The Master Cleanse Diet: What It Is, Benefits & Risks + How To Do It
The Master Cleanse (aka the lemonade diet), is a modified juice fast popular with celebrities like Beyoncé, Demi Moore, and others looking to cleanse their bodies and lose weight fast. While dropping pounds can be alluring to some, experts support healthier methods for maintaining weight loss and getting fit.
Still curious about the Master Cleanse? Here's a breakdown of what it is, how to follow it, and what you need to know about the risks.
What is the Master Cleanse?
The Master Cleanse dates back to the 1940s, when Stanley Burroughs, a dietitian, wrote a book called The Master Cleanser. Though the book was published then, it only became mainstream when the revised version was released in 1976. The cleanse then captured the spotlight, with dubious claims of quick weight loss and its ability to detox the body and treat any health ailment.
The central feature of this program is the Master Cleanse lemonade made with water, fresh lemon juice, cayenne pepper, and pure, organic maple syrup. This drink, which is the only calorie-containing item allowed, is consumed six to 12 times a day for 10 days. You'll also sip on a saltwater flush in the morning and laxative tea before bed (laxative teas vary by ingredients, but some include senna leaf, which has the potential to help shed excess water).
How does it help you lose weight?
The health claims range from detoxing and cleansing your system of impurities to curing certain health conditions and rapid weight loss, but cleansing your body isn't really necessary. Our bodies have a natural detox process and doing a healthy detox is about supporting that natural process and reducing external stressors.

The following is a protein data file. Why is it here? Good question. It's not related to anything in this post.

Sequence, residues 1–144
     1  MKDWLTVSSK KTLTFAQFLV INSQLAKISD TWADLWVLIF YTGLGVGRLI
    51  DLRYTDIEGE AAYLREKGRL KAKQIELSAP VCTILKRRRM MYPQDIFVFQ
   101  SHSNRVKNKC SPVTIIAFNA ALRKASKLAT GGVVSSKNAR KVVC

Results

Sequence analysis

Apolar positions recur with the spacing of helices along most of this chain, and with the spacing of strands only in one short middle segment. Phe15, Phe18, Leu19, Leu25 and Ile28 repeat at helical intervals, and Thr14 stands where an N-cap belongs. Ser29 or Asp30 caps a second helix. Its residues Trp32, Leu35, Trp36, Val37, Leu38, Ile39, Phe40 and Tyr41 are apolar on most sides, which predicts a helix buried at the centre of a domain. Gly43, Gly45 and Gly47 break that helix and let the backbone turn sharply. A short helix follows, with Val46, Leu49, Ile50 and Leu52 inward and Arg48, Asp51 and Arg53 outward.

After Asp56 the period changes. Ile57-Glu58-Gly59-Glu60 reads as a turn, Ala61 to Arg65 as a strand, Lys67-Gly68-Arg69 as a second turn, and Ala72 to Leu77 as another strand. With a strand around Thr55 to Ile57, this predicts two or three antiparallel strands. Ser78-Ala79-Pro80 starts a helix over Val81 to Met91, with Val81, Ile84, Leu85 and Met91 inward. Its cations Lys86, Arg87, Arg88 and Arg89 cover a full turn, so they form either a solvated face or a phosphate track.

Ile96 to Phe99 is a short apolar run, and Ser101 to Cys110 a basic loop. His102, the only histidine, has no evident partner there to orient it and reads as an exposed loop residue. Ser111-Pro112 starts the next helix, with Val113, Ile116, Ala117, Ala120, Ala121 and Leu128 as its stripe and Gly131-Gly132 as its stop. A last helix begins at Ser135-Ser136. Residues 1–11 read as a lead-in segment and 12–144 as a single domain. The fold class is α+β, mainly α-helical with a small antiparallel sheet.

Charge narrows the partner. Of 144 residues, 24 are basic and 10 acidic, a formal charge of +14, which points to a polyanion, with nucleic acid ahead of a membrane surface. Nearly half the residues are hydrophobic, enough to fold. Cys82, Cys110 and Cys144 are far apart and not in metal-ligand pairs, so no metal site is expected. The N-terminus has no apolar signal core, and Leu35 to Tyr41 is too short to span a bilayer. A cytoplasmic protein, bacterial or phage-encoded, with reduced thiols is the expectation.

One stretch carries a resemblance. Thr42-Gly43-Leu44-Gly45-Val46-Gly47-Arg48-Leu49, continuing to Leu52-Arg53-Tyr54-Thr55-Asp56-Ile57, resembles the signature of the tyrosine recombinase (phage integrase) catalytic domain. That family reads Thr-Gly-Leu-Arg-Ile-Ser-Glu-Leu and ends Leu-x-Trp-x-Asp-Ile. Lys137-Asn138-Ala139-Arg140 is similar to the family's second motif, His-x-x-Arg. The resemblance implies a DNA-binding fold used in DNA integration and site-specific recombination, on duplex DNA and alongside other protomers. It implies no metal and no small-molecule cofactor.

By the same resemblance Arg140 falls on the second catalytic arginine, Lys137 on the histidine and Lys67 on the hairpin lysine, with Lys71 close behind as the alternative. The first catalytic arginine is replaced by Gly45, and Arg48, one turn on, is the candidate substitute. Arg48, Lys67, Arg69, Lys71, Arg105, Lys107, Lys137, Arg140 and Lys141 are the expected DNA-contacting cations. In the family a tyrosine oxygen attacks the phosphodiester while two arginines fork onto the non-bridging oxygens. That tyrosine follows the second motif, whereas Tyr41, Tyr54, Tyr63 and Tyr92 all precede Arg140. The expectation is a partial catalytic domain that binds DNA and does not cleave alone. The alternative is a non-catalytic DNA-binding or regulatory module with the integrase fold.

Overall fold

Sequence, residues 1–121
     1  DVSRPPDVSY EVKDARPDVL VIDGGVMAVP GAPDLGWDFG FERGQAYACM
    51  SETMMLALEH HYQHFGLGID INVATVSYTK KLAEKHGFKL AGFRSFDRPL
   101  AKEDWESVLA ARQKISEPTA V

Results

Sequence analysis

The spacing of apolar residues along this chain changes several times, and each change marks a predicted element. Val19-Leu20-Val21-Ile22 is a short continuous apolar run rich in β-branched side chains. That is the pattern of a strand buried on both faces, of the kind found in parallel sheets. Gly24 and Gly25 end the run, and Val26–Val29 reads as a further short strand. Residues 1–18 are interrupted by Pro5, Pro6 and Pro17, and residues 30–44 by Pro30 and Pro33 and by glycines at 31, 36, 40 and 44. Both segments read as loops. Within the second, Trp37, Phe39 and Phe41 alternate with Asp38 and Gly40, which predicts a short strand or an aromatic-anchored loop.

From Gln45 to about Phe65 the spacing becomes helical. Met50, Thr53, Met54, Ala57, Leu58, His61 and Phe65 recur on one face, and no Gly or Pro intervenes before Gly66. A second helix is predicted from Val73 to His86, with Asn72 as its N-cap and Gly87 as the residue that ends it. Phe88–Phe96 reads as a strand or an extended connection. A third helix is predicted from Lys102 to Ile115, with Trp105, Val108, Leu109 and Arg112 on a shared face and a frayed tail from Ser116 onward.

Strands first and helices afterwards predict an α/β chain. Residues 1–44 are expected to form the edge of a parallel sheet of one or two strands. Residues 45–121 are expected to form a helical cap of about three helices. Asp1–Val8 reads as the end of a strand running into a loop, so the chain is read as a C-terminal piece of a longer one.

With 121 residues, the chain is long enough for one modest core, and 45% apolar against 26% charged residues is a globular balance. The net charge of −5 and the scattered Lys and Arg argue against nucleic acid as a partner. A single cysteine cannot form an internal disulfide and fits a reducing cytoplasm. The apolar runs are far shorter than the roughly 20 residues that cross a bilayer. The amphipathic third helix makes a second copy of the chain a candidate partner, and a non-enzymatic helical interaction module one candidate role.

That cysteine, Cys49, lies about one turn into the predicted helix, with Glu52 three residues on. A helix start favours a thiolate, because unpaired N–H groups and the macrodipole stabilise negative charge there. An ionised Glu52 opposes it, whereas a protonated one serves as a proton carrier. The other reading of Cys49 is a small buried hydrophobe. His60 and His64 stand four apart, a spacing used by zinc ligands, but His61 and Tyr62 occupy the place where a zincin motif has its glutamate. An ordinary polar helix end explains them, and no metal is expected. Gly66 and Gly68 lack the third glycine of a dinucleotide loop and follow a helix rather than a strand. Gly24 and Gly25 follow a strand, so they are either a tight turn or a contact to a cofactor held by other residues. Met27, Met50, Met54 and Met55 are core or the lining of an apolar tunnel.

It's based on fasting principles.
The Master Cleanse is a restrictive diet that eliminates food and key nutrients. Any program that eliminates food is bound to cause some temporary weight loss. Since the Master Cleanse is a modified fast, the weight loss is primarily a result of consuming very few calories over several days. However, this rapid change in weight is not so sustainable, as all the weight lost is essentially water weight (more on that later).
That said, there are some reported benefits to fasting. A 2019 study published in PlosOne, looked at a Buchinger periodic fasting program (a fasting diet of only fruit and vegetable juices, as well as tea and mineral water) with fasting periods between four and 21 days. While this diet is a little different than the Master Cleanse, both programs allow you to reach a fasted state. Researchers found in this study that after the one-year observational period, periodic fasting led to weight loss and improvements in several cardiovascular risk factors in the 1,422 subjects.
Additionally, the use of lemons during fasting protocols has been shown to improve weight loss, due to their vitamin C content. A 2016 study published in the Journal of Ayurveda and Integrative Medicine states that low levels of vitamin C are associated with increased BMI and central fat distribution. On the other hand, increased vitamin C intake is associated with higher HDL levels (that’s the good cholesterol). The study found that drinking a beverage of lemon water and honey during a four-day fast led to an average weight loss of 4.8 pounds.
Although studies and research about the benefits of various fasting protocols exist, there are no studies to support the specific claims made by the Master Cleanse (and other similar diets) and its ability to remove harmful toxins from the body or improve overall health.